Although the purposes of these Conferences were well established and accepted, the organization and procedures of the Conference were long debated. In the early meetings of the Steering Committee preparing for the 1984 Conference, the idea of emulating the National Conference on Interstate Milk Shipments (NCIMS) was introduced. Individuals working during this Conference to write a new constitution began introducing NCIMS-type structure into the Conference organization. This was the first step leading to the current Constitution and Bylaws.The second step was action taken at the 1984 Conference to reaffirm the intent to model the Conference after the NCIMS. The following is quoted from the Proceedings of the 1984 Conference:

An Organizational Model: from the beginning it was the intention of the organizers of the Second National Conference that it should include 'an effort to establish an organization for the continuing study of food safety problems and for the promotion of the recommendations of the Conference'. What the organizers had in mind in making that a goal of the Conference was to establish, in the area of food safety, something akin to the Interstate Milk Shipments Conference and the more recent Interstate Shellfish Sanitation Conference, so that a national dialogue on food safety might continue on a regular, periodic basis.

A National Conference for Food Protection should be established as an ongoing conference and be structured similarly to the National Conference on Interstate Milk Shipments. One of the Conference's primary purposes should be to promote the formulation and use of uniform model laws and regulations among all government agencies to assure uniform interpretations and implementation and to eliminate duplication of services. Its membership should consist of federal, State and local food regulatory officials, academia and representatives from industry. It should be governed by an Executive Board with representatives from federal, State and local agencies and industry.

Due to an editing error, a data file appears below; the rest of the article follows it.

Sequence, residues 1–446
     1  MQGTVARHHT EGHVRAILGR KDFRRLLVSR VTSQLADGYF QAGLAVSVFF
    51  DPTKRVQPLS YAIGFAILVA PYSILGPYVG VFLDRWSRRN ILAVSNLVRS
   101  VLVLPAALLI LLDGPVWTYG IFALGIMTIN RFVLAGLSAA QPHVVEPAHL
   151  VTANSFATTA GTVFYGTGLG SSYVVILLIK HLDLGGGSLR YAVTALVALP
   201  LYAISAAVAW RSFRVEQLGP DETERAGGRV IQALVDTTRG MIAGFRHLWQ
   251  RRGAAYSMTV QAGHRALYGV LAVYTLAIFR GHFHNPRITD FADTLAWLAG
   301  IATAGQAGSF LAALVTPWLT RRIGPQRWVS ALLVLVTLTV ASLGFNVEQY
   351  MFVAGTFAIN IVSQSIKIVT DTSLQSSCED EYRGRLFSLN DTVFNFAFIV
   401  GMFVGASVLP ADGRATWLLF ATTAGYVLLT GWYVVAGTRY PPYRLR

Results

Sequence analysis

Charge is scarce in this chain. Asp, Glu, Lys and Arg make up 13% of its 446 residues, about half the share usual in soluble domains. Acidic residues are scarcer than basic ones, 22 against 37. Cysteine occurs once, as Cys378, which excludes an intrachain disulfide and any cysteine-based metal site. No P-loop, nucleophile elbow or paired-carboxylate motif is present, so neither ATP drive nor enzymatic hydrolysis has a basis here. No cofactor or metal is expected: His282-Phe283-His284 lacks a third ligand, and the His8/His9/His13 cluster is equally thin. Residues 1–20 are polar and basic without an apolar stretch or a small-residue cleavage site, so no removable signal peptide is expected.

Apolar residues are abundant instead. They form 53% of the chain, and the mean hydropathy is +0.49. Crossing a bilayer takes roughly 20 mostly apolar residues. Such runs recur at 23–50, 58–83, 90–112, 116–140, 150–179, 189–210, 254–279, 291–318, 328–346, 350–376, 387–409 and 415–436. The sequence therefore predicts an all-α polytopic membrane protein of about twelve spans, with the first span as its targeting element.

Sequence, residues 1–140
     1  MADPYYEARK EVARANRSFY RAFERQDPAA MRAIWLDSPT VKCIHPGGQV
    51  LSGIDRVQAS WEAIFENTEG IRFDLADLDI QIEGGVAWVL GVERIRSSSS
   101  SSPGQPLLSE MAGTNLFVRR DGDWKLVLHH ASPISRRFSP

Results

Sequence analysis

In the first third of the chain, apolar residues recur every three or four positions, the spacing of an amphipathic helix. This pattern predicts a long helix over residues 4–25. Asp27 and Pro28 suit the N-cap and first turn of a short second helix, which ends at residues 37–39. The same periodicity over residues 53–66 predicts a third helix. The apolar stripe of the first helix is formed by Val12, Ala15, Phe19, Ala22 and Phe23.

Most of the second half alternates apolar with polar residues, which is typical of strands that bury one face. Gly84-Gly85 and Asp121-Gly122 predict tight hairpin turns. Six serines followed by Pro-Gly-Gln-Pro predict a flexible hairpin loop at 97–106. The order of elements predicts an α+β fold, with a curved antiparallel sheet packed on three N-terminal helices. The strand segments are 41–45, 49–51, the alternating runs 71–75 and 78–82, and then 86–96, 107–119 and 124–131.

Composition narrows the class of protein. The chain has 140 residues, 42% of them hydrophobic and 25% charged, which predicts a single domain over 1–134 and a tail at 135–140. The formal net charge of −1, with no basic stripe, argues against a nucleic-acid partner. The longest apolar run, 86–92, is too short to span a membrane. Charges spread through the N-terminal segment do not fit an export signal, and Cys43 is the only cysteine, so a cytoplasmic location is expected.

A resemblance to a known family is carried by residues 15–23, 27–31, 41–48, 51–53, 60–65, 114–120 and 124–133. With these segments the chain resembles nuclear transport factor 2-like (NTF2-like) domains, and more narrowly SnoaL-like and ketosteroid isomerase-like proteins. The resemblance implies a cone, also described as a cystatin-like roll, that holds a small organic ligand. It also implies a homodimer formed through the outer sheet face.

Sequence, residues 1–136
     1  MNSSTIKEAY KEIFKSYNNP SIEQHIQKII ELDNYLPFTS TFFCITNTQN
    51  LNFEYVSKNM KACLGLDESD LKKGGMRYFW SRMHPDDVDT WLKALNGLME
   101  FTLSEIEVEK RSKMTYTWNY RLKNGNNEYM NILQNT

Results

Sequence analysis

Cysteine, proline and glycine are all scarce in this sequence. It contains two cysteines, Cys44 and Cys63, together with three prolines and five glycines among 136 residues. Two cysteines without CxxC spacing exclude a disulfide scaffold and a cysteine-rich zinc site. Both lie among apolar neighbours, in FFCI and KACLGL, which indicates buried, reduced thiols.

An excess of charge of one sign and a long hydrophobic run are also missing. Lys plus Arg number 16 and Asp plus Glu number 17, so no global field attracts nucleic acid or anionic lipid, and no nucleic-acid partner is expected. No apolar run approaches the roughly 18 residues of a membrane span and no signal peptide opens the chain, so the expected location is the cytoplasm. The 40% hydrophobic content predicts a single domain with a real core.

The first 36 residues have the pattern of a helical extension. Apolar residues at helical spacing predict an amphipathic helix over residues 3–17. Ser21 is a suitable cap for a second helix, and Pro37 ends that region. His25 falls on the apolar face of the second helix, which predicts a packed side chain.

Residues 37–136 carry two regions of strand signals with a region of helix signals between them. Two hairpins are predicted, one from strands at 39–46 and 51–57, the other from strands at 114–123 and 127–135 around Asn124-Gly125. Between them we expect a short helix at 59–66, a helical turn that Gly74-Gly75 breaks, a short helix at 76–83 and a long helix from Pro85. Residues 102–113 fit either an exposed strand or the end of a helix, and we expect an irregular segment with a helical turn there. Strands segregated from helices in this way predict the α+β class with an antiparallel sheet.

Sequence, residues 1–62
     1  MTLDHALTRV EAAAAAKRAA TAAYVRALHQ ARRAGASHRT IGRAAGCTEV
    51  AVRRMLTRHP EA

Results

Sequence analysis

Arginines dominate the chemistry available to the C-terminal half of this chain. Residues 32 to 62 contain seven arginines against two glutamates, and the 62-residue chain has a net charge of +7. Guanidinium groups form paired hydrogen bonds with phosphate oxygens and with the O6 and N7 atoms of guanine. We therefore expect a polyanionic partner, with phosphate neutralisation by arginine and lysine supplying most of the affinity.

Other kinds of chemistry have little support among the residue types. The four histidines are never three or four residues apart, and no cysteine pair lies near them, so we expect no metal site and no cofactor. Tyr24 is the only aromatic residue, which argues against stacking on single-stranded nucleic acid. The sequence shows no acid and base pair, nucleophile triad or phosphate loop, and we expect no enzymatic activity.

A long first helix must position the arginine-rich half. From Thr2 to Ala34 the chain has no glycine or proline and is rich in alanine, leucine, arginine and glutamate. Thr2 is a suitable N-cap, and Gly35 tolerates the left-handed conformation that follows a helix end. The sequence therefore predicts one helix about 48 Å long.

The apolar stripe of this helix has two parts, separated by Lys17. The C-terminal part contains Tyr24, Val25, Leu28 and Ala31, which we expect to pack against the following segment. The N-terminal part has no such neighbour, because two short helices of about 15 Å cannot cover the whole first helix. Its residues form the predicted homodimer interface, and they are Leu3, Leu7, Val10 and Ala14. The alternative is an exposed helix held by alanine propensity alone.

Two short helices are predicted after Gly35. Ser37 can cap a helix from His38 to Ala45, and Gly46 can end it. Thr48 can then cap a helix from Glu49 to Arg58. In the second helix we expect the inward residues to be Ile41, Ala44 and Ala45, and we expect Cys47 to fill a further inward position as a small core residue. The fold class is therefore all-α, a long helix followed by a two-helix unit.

The draft Constitution and Bylaws adopted by the 1984 Conference were, according to its authors, not meant to be a fully workable source for forming and operating the conference model after the NCIMS. It was intended as an interim document that would be upgraded to provide a more authoritative foundation for Conference actions.

The final step in the decision to upgrade the Conference organization was taken at the 1986 Conference. The Program Committee reported that, "it was the unanimous view of the committee that the Conference should operate as an action organization, existing not merely to identify problems and formulate recommendations, but to resolve issues through the implementation of recommendations, much as the Weights and Measures Conference and the Interstate Milk Shippers do. Specific recommendations in this regard will be presented prior to the next conference."

To accomplish this, the 1986 Conference agreed:

  • To develop a State regulatory ratification mechanism whereby each of the 50 States will have one vote; and